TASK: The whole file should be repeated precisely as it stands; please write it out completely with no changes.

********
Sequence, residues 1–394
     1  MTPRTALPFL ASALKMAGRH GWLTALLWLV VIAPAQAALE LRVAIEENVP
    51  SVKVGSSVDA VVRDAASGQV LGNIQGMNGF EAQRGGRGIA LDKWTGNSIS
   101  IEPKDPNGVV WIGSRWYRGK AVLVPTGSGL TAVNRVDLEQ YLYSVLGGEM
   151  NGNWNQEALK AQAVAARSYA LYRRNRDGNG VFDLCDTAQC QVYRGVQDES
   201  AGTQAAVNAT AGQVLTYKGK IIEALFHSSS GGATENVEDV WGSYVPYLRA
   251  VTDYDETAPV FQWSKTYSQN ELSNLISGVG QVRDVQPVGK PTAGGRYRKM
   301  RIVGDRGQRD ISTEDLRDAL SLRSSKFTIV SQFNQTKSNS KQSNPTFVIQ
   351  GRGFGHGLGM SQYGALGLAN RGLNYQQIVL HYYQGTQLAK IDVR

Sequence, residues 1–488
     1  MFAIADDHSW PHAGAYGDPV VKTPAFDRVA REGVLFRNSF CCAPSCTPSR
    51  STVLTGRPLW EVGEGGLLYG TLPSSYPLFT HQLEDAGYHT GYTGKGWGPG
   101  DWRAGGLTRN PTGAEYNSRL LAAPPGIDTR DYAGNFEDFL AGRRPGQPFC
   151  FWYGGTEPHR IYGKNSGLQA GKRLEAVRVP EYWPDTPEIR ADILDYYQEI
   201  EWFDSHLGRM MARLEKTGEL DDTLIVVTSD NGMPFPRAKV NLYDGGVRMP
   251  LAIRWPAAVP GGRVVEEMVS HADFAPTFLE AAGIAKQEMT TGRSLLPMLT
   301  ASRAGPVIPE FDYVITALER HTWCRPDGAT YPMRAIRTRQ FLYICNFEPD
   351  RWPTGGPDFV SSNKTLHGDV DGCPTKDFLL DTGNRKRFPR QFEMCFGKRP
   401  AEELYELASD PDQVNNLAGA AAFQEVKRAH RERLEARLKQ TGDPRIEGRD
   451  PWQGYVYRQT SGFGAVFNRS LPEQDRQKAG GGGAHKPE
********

Sequence, residues 1–394
     1  MTPRTALPFL ASALKMAGRH GWLTALLWLV VIAPAQAALE LRVAIEENVP
    51  SVKVGSSVDA VVRDAASGQV LGNIQGMNGF EAQRGGRGIA LDKWTGNSIS
   101  IEPKDPNGVV WIGSRWYRGK AVLVPTGSGL TAVNRVDLEQ YLYSVLGGEM
   151  NGNWNQEALK AQAVAARSYA LYRRNRDGNG VFDLCDTAQC QVYRGVQDES
   201  AGTQAAVNAT AGQVLTYKGK IIEALFHSSS GGATENVEDV WGSYVPYLRA
   251  VTDYDETAPV FQWSKTYSQN ELSNLISGVG QVRDVQPVGK PTAGGRYRKM
   301  RIVGDRGQRD ISTEDLRDAL SLRSSKFTIV SQFNQTKSNS KQSNPTFVIQ
   351  GRGFGHGLGM SQYGALGLAN RGLNYQQIVL HYYQGTQLAK IDVR

Sequence, residues 1–488
     1  MFAIADDHSW PHAGAYGDPV VKTPAFDRVA REGVLFRNSF CCAPSCTPSR
    51  STVLTGRPLW EVGEGGLLYG TLPSSYPLFT HQLEDAGYHT GYTGKGWGPG
   101  DWRAGGLTRN PTGAEYNSRL LAAPPGIDTR DYAGNFEDFL AGRRPGQPFC
   151  FWYGGTEPHR IYGKNSGLQA GKRLEAVRVP EYWPDTPEIR ADILDYYQEI
   201  EWFDSHLGRM MARLEKTGEL DDTLIVVTSD NGMPFPRAKV NLYDGGVRMP
   251  LAIRWPAAVP GGRVVEEMVS HADFAPTFLE AAGIAKQEMT TGRSLLPMLT
   301  ASRAGPVIPE FDYVITALER HTWCRPDGAT YPMRAIRTRQ FLYICNFEPD
   351  RWPTGGPDFV SSNKTLHGDV DGCPTKDFLL DTGNRKRFPR QFEMCFGKRP
   401  AEELYELASD PDQVNNLAGA AAFQEVKRAH RERLEARLKQ TGDPRIEGRD
   451  PWQGYVYRQT SGFGAVFNRS LPEQDRQKAG GGGAHKPE